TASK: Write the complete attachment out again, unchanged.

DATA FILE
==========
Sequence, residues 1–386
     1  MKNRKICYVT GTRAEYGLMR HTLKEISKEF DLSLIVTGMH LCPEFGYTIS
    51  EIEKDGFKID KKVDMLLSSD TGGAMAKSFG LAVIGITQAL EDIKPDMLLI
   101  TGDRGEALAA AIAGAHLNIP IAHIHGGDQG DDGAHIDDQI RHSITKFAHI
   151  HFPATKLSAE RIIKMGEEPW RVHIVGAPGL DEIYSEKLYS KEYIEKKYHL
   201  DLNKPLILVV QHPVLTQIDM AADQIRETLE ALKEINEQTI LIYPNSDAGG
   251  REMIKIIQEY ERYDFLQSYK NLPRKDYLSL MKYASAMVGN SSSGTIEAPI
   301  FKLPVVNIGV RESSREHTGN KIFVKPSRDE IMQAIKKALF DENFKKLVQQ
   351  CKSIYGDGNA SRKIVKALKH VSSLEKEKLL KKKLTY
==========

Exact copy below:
Sequence, residues 1–386
     1  MKNRKICYVT GTRAEYGLMR HTLKEISKEF DLSLIVTGMH LCPEFGYTIS
    51  EIEKDGFKID KKVDMLLSSD TGGAMAKSFG LAVIGITQAL EDIKPDMLLI
   101  TGDRGEALAA AIAGAHLNIP IAHIHGGDQG DDGAHIDDQI RHSITKFAHI
   151  HFPATKLSAE RIIKMGEEPW RVHIVGAPGL DEIYSEKLYS KEYIEKKYHL
   201  DLNKPLILVV QHPVLTQIDM AADQIRETLE ALKEINEQTI LIYPNSDAGG
   251  REMIKIIQEY ERYDFLQSYK NLPRKDYLSL MKYASAMVGN SSSGTIEAPI
   301  FKLPVVNIGV RESSREHTGN KIFVKPSRDE IMQAIKKALF DENFKKLVQQ
   351  CKSIYGDGNA SRKIVKALKH VSSLEKEKLL KKKLTY